So it was that in the summer of 1972 I went off to work as a grunt with the Heintzelman Masonry Company. Ten hours a day of lime dust, mud, scorching sun, AND rain AND rain. That June it rained about every other day — torrents. It was the wettest first half of June on record. But that was just the setup for what came the second half of the month.


Down in the Gulf of Mexico an early season tropical weather system was brewing. It quickly deepened into the first tropical storm of the season and rapidly on to a Cat 1 hurricane — they named her Agnes.


She eventually crossed the Florida peninsula, where she weakened to a tropical storm, then headed up the East Coast where she further collapsed into a mere depression. But in the process of winding down Agnes converted her wind energy into profuse rainmaking, hammering Virginia and the James River with torrential downpours. As she moved into the mid-Atlantic her forward movement stalled over the Gulf Stream where she re-energized into a tropical storm once again. There she sat for three days, slinging her arms of rain over the already saturated terrain of Central Pennsylvania and Southern New York State. The result was the most massive flooding of the Susquehanna River since 1936. The drudgery of the masonry business was put on hold for over a week and was replaced by the drama and excitement of the most awesome natural disaster any of us had ever experienced.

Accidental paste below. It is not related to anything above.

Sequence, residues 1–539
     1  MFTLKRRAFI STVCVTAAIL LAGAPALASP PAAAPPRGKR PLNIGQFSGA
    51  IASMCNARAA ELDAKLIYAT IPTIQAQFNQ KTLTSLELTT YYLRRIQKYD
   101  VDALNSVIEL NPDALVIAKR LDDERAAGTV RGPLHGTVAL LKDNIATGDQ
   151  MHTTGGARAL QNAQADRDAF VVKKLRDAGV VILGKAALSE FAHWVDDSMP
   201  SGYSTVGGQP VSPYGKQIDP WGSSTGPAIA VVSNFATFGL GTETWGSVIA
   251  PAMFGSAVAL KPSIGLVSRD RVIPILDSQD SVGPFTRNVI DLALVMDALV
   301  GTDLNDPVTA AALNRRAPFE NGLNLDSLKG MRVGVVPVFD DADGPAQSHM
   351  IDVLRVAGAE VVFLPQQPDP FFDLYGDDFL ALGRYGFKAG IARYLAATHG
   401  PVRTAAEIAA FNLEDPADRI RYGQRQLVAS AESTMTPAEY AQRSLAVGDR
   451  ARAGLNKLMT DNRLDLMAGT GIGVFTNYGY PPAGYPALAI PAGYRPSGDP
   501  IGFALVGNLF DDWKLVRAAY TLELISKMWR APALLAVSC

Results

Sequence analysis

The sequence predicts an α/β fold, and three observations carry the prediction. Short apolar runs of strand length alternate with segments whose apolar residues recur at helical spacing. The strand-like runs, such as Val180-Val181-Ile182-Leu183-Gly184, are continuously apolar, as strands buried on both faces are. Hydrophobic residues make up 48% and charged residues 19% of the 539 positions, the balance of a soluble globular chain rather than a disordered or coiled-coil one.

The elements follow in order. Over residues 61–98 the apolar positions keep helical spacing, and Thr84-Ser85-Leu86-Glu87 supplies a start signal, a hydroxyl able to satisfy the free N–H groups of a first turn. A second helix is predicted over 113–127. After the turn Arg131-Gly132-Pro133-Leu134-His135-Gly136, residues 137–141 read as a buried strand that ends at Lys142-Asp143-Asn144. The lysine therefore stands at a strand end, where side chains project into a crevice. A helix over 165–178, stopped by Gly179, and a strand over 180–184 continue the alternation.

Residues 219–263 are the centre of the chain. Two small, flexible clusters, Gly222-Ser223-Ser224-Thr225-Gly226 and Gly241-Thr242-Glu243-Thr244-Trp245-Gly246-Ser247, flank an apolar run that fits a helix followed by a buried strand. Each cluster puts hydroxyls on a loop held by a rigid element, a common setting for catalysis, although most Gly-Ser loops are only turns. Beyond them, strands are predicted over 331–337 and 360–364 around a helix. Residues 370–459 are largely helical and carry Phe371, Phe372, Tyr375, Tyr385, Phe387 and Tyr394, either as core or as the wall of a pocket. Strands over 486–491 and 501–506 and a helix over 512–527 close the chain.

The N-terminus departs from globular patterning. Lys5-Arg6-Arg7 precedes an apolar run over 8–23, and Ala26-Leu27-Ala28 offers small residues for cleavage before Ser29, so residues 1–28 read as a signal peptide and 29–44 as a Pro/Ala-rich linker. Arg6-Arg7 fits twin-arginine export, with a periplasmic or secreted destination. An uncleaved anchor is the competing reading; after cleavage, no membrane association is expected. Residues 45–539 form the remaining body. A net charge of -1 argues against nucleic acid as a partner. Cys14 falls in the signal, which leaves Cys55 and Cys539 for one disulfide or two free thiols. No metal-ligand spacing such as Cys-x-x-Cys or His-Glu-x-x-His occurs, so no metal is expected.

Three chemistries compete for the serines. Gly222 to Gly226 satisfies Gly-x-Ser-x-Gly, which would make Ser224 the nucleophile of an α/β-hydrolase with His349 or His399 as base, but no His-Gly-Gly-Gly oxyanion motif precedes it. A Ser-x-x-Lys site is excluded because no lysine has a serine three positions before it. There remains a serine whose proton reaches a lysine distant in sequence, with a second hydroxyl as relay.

And oh... the experiences were many: listening to the first night of relentless torrents pounding our Cape Cod house roof; filling our garage with the furniture and organ of an evacuated family; floating caskets out of our friend’s funeral home on jon-boats with flashlights; joining townspeople waiting on the Isle of Que bridge to rescue a horse that was swept from its stable; enduring the eerie sounds of debris bouncing off of the railroad bridge; inhaling the acrid smell of muddy water and spilled fuel oil; suffering ordinary citizens, now deputized to enforce the curfew — a few quickly became a petty gestapo, as some people will when issued a badge; being overwhelmed by the stench of the meat lockers at Sheets’ store when they were opened after four powerless, hot, muggy days; reveling in the ephemeral sense of community that natural disasters revive.


During Agnes, the past became veiled and the future was put on hold. We were in the throes of a five day NOW. And that NOW, its midpoint marked by the passing flood crest, was different for each community along the river. The crest is the high water mark of river flood events and is the hydrologic focal point as it makes its way downstream. During the days before its arrival people along the river prepare for its impact — in the days after its passing they begin the process of recovery and rebuilding.


From our vantage point in Selinsgrove, we could see our future a few days in advance and our past many days after the crest. As the climax approached we knew from the hydrographers how high the water would get and exactly who would be inundated. The Agnes deluge gave us a rare, precise, and accurate view of our future and allowed us to watch our past as town after town downstream bore the brunt of the record crest.


A few weeks later, with the crest long gone, and the waters passively back in their banks, the river resumed its timeless gentle nature — no sense of future or past, just the perennial and eternal "nowness" of a lazy river. The recent trauma seemingly a clear sign that her gentle spirit has limits — she reminds us when she’s been violated. Her revenge is fierce and her memories lasting. She reflects a past, a present, and a future.